Why it matters What we are doing About the goal Our targets Abou About the Goal The goal is to take urgent and necessary action to tackle climate change and its impacts. As greenhouse gas levels continue to climb, climate change is occurring at much higher rates than anticipated, and its effects are evident worldwide. By addressing climate change, we can build a sustain-able world for everyone. We need to act now. We are already seeing how climate change can exacerbate storms and disasters, and threats such as food and water scarcity. In Australia, we are seeing the impact of climate change, with longer droughts, worse fire seasons, and coral bleaching. Australians are extremely dependent on the climate for our economic growth, from tourism to farming and agricultural. If climate change goes unchecked it will have devastating implications for not only us but the rest of the world. Why it Matters Australia is experiencing longer and more extreme droughts Australia has one of the highest per capita of carbon dioxide in the world 30% of the Great Barrier Reef is dead after 2016 bleaching Why What Neighbourhood Houses & Centres are doing Neighbourhood Houses and Centres work to tackle climate action through incorporating sustainable practices into their everyday operations. ​ Many of our houses and centres are the main community organisation operating in natural disasters, strengthening community resilience and providing much needed support. For example in the 2019/2020 fires, Snowy Mountains Neighbourhood House held regular community meetings to keep the people informed and offer support for those who had lost loved ones and homes. ​ At a local, state and national level, to build community resilience for the recent fires, many houses and centres held a community morning tea or lunch to raise funds for the impacted houses/ centres. Together we raised over $10,000. What Our Targets Targets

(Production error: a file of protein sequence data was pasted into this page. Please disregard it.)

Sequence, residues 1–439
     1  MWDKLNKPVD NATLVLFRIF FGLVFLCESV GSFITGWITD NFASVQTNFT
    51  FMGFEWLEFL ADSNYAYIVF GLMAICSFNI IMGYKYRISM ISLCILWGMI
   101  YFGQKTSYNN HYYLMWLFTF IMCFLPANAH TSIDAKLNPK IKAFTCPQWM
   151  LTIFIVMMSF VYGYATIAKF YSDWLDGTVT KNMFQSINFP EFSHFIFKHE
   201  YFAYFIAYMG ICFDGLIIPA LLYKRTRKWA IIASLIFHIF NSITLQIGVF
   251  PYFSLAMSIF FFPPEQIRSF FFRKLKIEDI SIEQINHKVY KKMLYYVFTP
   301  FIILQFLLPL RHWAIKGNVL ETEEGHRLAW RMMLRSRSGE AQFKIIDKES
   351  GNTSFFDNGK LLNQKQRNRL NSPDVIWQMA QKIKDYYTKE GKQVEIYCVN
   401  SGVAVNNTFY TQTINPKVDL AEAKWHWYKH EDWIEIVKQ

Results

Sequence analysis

• Neighbourhood House Week | ANHCA